I stopped watching long ago, for two reasons. First, there’s nothing good on. Second, knowing my own propensity toward sloth, I would probably spend innumerable hours in front of the TV, despite the objections from reason number 1.

    Besides, there’s new drug on the market called “the internet,” where I can look up any interesting commercials that I might have missed! :-)

  34. KAS says:

    I don’t have cable but on the stations which do come in on my TV there is far more commercial than program. Not that it matters much, there is practically nothing worth watching on the TV anyway.

    When I visit relatives who have cable I am amazed that they have so many channels and there is still nothing worth watching.

    I save the money and buy entire TV series that hubby and I have enjoyed in the past. It is nice to settle into the evening and watch an episode or two without commercials or a movie without commercials. It seems that there are very few series worth having. But each year I find one or two movies to add to the collection, some new, some old. It seems the older movies have more to them than the newer ones but I do enjoy the special effects possible these days.

    I know that selling people things is a big part of our culture, but I’m tired of it. I’m tired of being told I am somehow missing out if I don’t go buy whatever they are selling. I don’t need to be emotionally manipulated into dissatisfaction with what I have already. There is simply no reason to put up with it. The cost of cable alone, put into purchasing what is worth re-watching, can lead to a very nice collection.

    Nope, much happier with the TV off!

  35. Jenny bag of donuts says:

    We can’t afford cable so we play movies on DVD, the funnier the better. I started off not watching anything at all with my first two babies but since then I’ve found some movies and shows to be a rewarding and educational experience for them. With so many complete series of fun cartoon shows available, I think parents really have an advantage nowadays in censoring their children’s viewing. Hooray for DangerMouse, Inspector Gadget, Ducktales, The Littles, Pink Panther, Rocky and Bullwinkle, yes and even Dora the Explorer, yes we succombed to her charm, etc.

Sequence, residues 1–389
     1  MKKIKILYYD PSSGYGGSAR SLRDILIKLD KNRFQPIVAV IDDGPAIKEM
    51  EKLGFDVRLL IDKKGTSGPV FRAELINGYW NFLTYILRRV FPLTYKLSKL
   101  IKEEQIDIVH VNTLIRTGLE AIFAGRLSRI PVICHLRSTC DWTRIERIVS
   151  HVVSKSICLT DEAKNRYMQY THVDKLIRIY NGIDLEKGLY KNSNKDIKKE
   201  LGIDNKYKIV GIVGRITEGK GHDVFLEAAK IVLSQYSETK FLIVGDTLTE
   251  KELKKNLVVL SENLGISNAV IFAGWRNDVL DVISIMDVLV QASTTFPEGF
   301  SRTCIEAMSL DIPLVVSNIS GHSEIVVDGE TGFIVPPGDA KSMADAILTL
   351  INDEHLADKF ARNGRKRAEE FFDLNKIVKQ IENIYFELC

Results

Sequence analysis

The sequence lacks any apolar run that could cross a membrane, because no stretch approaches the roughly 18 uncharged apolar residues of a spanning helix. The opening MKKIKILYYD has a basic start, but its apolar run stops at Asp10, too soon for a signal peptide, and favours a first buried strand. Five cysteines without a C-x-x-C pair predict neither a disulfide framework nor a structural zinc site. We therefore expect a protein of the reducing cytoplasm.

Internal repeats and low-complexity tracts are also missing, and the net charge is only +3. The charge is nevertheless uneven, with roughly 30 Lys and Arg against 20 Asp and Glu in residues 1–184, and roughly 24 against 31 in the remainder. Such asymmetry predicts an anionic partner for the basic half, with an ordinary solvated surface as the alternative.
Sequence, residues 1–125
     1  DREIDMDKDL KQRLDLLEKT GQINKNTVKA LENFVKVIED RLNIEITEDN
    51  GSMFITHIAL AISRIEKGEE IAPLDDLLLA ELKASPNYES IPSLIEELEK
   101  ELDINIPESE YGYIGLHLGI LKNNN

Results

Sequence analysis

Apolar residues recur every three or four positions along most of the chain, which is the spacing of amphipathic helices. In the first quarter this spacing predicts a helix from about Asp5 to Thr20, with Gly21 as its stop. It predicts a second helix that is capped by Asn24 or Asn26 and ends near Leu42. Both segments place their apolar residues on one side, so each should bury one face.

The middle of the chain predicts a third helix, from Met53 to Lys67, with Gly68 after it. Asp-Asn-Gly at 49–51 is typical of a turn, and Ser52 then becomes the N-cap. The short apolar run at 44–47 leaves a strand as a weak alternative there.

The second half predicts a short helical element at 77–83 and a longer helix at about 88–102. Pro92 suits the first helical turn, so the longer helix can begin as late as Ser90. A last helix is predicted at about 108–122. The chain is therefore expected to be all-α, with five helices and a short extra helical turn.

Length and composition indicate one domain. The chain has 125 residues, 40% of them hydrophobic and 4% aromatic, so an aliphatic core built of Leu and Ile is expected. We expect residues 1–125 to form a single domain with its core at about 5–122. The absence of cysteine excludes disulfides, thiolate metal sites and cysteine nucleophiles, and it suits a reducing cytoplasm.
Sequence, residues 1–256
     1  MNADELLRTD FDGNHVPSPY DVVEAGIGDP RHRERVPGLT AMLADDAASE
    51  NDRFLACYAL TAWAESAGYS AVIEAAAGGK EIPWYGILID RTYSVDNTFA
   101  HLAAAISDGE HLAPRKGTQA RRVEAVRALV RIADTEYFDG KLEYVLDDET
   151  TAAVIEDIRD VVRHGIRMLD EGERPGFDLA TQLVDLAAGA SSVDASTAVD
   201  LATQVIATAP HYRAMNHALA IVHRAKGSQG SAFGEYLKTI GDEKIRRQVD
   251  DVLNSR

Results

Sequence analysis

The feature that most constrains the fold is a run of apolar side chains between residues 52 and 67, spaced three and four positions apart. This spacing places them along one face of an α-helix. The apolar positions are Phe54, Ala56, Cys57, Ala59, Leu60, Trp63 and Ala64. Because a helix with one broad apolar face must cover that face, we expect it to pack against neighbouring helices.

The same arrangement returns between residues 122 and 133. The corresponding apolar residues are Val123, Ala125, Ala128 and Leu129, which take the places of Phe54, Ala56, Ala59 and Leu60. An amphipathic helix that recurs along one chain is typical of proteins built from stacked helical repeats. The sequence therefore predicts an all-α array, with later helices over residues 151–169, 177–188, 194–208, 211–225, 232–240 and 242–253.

My husband likes action movies and I like comedies. Since there is sometimes inappropriate material in both kinds of films, we keep the fast forward button handy. I agree with the poster above that if children view any junk or whatnot (though that should be avoided as much as possible) such as certain commercials, that a parent can use it as a teaching moment.

  36. Sorry no TV here. Way too crude and vulgar to bother with these days. Personally I really don’t like it anymore as its mostly just noise without much substance (if not worse). Also gave up radio for pretty much the same reasons even before. Just seems to rob one of peace since it is so distracting. After awhile I came to really enjoy the silence- though it wasn’t easy at first. My family now rents from the local library. At least that way you have some control over what you watch and don’t pay them to produce for perversiion out in Hollywood.

    Another way to look at it is no more commercials now. LOL

  37. spock says:

    Got rid of TV 14 years ago.

    Any videos I want to see are through the computer/internet. Much better that way. First month or two was rougth but after that not a big deal. Suggest if anyone does that to make sure you have something to fill the time void you created by getting rid of the TV.

    Visiting relatives is rough because when I see TV there, I am not used to the now ridiculously long commercial segments, even on cable.

    My opinion: do yourself a favor, get rid of it.

  38. Dr. Eric says:

    Very soon TV will be nothing but infomercials.

    This Sunday, Fr. Barron’s infomercial (“Word on Fire”) was not on WGN America. :-( I hope he didn’t run out of funding.

    I wish someone in the government or in the cable/dish world would let us pay for the channels we want, about 25-40 cents per channel. That would rid cable/dish of the gutter trash that it usually shows.

  39. my kidz mom says:

    Didn’t get a box for the analog conversion; kept the TV only to watch DVDs. Life is good :)

  40. Banjo pickin girl says:

    My DVR that I only got last May broke in the audio part yesterday. So swapping it out would cause me to lose everything I have recorded. I have a writing project I need to concentrate on. So, tomorrow, the DVR goes back to Time-Warner and I shut off my cable completely. I will give my TV to my mother who needs a new one, hers is not working right. Giving up TV for Lent except it’s permanent.